Home » The Fair Sex: White Women and Racial Patriarchy in the Early American Republic by Pauline Schloesser
The Fair Sex: White Women and Racial Patriarchy in the Early American Republic Pauline Schloesser

The Fair Sex: White Women and Racial Patriarchy in the Early American Republic

Pauline Schloesser

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Kindle Edition
256 pages
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 About the Book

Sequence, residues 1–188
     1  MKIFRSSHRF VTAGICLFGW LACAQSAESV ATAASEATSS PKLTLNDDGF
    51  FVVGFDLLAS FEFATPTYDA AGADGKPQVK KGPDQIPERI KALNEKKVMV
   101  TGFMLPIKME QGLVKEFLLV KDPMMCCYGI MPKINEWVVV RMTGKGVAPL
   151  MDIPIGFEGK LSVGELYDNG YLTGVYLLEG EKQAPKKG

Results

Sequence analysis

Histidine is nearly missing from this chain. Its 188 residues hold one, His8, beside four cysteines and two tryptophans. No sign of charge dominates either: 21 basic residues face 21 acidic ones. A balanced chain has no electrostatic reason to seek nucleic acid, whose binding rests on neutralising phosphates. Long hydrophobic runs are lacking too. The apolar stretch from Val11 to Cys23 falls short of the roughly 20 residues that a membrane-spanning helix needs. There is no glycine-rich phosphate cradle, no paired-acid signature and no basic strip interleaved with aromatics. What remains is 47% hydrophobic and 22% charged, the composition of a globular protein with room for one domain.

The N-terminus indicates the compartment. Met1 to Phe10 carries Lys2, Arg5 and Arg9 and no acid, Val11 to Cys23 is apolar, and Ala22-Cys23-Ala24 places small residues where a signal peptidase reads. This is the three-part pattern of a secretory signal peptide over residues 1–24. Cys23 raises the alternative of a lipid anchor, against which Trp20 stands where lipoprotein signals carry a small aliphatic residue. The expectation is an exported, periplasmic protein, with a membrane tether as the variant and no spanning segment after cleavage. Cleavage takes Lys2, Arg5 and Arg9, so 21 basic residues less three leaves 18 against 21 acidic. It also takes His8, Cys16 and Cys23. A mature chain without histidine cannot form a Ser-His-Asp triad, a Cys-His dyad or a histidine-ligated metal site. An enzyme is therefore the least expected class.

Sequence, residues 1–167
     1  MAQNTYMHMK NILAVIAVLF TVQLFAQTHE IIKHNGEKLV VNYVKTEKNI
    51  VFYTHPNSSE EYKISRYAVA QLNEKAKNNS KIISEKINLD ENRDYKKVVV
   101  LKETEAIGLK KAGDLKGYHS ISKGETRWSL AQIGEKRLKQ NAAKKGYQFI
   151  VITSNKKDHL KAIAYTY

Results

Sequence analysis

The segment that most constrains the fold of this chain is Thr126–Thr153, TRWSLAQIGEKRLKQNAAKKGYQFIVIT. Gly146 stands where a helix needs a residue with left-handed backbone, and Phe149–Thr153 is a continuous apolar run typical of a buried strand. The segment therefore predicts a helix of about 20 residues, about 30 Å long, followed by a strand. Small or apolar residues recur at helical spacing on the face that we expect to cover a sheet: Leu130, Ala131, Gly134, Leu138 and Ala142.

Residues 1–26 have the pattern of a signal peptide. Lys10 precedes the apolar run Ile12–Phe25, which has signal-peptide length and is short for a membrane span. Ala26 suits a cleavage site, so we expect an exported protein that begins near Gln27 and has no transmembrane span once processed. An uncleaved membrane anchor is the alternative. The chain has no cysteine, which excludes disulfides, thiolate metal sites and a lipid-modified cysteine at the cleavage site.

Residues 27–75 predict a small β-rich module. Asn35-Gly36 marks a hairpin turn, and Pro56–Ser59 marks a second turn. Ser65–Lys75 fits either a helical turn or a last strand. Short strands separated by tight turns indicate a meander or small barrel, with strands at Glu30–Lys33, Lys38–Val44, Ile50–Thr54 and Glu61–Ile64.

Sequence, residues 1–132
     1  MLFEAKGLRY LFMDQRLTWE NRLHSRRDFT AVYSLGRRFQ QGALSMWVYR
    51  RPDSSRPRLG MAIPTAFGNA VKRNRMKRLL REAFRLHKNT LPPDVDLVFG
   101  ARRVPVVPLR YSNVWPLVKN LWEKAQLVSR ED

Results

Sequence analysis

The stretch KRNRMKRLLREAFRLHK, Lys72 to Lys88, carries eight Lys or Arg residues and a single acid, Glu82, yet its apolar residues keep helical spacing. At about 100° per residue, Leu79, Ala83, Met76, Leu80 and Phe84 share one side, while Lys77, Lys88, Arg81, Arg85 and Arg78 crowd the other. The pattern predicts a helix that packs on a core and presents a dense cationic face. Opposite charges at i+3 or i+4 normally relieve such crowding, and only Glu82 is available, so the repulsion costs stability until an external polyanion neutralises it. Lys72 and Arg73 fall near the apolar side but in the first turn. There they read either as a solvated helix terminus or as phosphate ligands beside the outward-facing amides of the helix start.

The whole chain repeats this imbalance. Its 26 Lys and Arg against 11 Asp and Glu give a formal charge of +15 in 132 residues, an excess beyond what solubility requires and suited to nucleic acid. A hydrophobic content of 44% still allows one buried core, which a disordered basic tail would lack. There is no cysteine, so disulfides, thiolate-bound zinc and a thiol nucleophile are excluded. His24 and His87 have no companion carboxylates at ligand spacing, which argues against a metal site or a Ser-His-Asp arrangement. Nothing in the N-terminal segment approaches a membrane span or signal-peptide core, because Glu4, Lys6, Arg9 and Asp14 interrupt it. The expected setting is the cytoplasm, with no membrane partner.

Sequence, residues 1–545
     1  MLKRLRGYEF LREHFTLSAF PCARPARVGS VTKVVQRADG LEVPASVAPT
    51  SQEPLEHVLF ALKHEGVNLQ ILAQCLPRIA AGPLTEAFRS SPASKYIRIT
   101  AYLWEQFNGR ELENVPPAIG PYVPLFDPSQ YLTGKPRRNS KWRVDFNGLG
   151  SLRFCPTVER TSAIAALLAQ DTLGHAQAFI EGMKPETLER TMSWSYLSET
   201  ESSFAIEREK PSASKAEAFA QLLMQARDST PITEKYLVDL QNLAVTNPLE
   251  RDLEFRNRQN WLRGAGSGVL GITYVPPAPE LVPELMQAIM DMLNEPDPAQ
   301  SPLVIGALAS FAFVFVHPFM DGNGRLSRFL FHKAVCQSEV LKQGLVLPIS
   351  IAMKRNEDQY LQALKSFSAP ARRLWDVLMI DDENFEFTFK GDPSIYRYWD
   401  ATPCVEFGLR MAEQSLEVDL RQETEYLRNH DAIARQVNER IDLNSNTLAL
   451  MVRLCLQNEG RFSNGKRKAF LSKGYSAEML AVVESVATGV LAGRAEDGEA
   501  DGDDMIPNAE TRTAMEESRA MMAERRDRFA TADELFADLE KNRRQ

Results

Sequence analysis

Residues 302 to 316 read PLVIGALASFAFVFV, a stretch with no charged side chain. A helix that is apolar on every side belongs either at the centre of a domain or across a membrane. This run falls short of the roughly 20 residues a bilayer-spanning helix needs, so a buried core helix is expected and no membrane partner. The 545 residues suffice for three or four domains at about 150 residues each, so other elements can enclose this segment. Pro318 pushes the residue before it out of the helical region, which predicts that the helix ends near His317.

Choice Outstanding Academic Title 2002 Once the egalitarian passions of the American Revolution had dimmed, the new nation settled into a conservative period that saw the legal and social subordination of women and non white men. Among the FoundersMoreChoice Outstanding Academic Title 2002 Once the egalitarian passions of the American Revolution had dimmed, the new nation settled into a conservative period that saw the legal and social subordination of women and non white men. Among the Founders who brought the fledgling government into being were those who sought to establish order through the reconstruction of racial and gender hierarchies. In this effort they enlisted 8220-the fair sex,8221-8212-white women. Politicians, ministers, writers, husbands, fathers and brothers entreated Anglo-American women to assume responsibility for the nations virtue. Thus, although disfranchised, they served an important national function, that of civilizing non citizen. They were encouraged to consider themselves the moral and intellectual superiors to non-whites, unruly men, and children. These white women were empowered by race and ethnicity, and class, but limited by gender. And in seeking to maintain their advantages, they helped perpetuate the system of racial domination by refusing to support the liberation of others from literal slavery. Schloesser examines the lives and writings of three female political intellectuals 8212--Mercy Otis Warren, Abigail Smith Adams, and Judith Sargent Murray 8212--each of whom was acutely aware of their tenuous position in the founding era of the republic. Carefully negotiating the gender and racial hierarchies of the nation, they at varying times asserted their rights and demurred to male governance. In their public and private actions they represented the paradigm of racial patriarchy at its most complex and its most conflicted.